Nutrition Mexico , México, Wednesday, November 12 of 2014, 14:42

Latin America and the Caribbean lose their vertebrates

Researchers call attention to factors such as habitat destruction or climate change and the implications for one of the richest areas in biodiversity of the planet

José Pichel Andrés/SINC/DICYT Biodiversity recedes rapidly across the planet. The Living Planet Report 2014 of WWF indicates a decrease of 52% of vertebrate species between 1970 and 2010, that is, in four decades; the number of mammals, birds, reptiles, amphibians and fish on Earth has remained less than a half. When analyzing the data by geographical areas, the worst trend is the Neotropic, an area that basically corresponds to Latin America and the Caribbean, where the decrease reaches 83%.

Scientists agree that the situation is serious, although some question whether these differences among continents are so dramatic. "We must be very cautious with figures provided by global comparative analyses", assure two experts in biological conservation, Eric Ameca Juarez and Ernesto Rodriguez Luna of the University of Veracruz in Mexico.

While it is true that the loss of biodiversity is very high in the Neotropic, this geographical area has a huge diversity that is widely studied. Therefore, researchers of Veracruz consider that other parts of the planet "may have similar numbers," but because they were not thoroughly investigated, they offer less shocking data than Latin America and the tropics in general.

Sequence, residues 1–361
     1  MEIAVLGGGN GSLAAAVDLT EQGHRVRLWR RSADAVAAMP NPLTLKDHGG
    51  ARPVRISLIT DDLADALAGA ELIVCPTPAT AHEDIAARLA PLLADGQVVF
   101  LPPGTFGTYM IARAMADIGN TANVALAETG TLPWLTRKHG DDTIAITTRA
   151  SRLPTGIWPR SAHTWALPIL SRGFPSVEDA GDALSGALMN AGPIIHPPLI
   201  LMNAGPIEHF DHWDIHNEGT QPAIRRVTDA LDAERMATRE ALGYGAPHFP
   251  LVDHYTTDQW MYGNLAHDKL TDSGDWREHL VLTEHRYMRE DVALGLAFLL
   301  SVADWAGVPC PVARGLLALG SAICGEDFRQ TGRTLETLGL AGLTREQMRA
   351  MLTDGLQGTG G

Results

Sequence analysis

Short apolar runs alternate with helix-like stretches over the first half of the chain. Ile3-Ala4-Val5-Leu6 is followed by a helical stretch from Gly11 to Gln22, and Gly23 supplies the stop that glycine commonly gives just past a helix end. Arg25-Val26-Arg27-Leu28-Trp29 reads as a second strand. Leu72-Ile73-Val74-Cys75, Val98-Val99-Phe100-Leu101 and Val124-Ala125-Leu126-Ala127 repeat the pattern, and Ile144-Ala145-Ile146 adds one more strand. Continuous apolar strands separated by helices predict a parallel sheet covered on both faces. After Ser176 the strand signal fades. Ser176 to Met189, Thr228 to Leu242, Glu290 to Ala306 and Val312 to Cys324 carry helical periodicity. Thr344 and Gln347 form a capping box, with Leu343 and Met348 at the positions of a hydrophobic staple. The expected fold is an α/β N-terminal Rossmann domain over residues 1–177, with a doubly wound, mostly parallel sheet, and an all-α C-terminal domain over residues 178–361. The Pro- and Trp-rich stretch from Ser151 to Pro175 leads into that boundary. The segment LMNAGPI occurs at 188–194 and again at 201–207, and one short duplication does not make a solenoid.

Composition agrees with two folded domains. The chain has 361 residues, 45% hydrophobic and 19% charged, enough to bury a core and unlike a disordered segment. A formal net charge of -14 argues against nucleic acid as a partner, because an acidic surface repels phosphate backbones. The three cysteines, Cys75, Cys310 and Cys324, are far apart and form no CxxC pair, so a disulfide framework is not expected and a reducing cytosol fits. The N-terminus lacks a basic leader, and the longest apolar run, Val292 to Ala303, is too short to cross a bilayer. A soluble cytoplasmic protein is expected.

In any case, in his opinion, the causes of biodiversity loss are similar in all major ecoregions and the most important ones are mentioned: "Habitat destruction, negative effects of invasive species, overexploitation of species and populations and climate change", in addition to the chain effect that can cause the extinction of a species over others.

A particular case that Eric Ameca Juarez has studied in depth is the howler monkey (Alouatta palliata mexicana), which is in danger of extinction "affected by extreme weather effects in combination with habitat degradation," says the researcher, which has published an article in the journal Trends in Ecology and Evolution about this species that serves as a reference for analyzing the vulnerability of terrestrial mammals. The combination of several factors, including natural events and human activity has increased their risk of extinction.

Invasive species

Invasive species also have a devastating effect. Argentine universities of Comahue and La Plata, with a Spanish team led by the biologist Salvador Peris, have been analyzing for years the introduction of various species in the Lanin National Park, located in Patagonia near the Chilean border: the salmon and the European wild boar or the North American mink wreak havoc.

For example, in lakes and ponds in the province of Neuquén where the presence of mink has been documented, geese and swans have disappeared almost completely in just 15 years.